SIR – I was heartened to read in Joanna Bogle’s article how well some long-established mendicant Orders, particularly the Dominicans and the Greyfriars, are doing in recruiting new members (Cover story, July 5).

However, no mention was made of one newly established mendicant order, which is also attracting vocations in good numbers. The Family of Mary Immaculate and St Francis, which was founded in Gosport in the Diocese of Portsmouth only a few years ago, has just increased its priestly membership from one to five. Last Saturday Bishop Egan ordained four members of this community to the priesthood, arguably making it the fastest growing religious community in Europe.

Paul Waddington
Hemingbrough, Yorkshire

Truth and education

SIR – May I commend Simon Caldwell’s article on Bishop Davies’s pastoral letter to those involved in education in the Diocese of Shrewsbury (UK news analysis, July 5).

Bishop Mark refers to Ss John Fisher and Thomas More – surely, had Henry VIII appointed a minister for education, Thomas would have been the ideal incumbent – as exemplars of how Catholic faith and truth should be mediated to the People of God.

No proselytism here: the plain statement of Catholic Truth respectful of those who think and act otherwise, and need the grace of God to change to better ways.

Stephen de la Bédoyère
London SW17

Performing miracles

SIR – I wish to thank Sister Elaine Cope osc for her letter (July 4) in which she gives us an example of Catholic business. I encourage other readers who know about, or are interested in starting a Catholic business to share their thoughts with us. Now let me tie Catholic business with the topic of vocations.

What made people want to follow Jesus? Let me put it this way: if you saw that your local carpenter was attracting huge crowds from all over because he was healing people from illnesses by just touching them, you might also feel the desire to hang out with him. I often feel that today we miss an important point; Jesus used what he had (his divine power) to change people’s lives for the better.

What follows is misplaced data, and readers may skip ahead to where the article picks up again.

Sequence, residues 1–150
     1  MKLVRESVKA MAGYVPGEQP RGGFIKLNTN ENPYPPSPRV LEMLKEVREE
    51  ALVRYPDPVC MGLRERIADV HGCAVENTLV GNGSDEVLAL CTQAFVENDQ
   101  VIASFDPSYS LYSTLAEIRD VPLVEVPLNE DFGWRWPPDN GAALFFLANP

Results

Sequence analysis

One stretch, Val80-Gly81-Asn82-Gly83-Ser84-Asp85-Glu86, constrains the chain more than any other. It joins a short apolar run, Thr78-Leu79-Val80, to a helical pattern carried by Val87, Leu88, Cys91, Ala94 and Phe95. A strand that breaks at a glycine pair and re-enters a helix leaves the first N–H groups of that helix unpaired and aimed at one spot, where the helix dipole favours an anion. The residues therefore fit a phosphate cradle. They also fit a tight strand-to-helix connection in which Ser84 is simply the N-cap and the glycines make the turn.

We, the Church, must not forget that we are the Mystical Body of Christ and we too must use what we have (our combined gifts and talents) to change people’s lives for the better. You don’t change a person’s life by giving him a handout; you change his life by giving him a new job where he will enter into relationship with men and women of faith. That is truly a life-changing experience.

If we, the Mystical Body of Christ, take seriously the task of performing this kind of miracles, we will see the tidal wave of young people return to the Church. Because to many of them the Church must probably look like a hangout spot for retirees.

Fr Juan Villagómez SOLT
Dover, New Jersey

Sending a bouquet

SIR – Just a note of appreciation for “Girlstown”, the Image of the Week in your June 28 edition.

I’m a retired schoolteacher, a veteran of the classroom. The picture of all those lovely young ladies gave me tremendous pleasure. God bless them!

I am, however, writing to thank you for reassuring me that the practice of the spiritual bouquet lives. We did this when we were in school, and occasionally, I still send a spiritual bouquet to a special friend.

I’m a new subscriber and truly read Catholic Herald cover to cover. Thanks!

Bonnie Tingle
Newport News, Virginia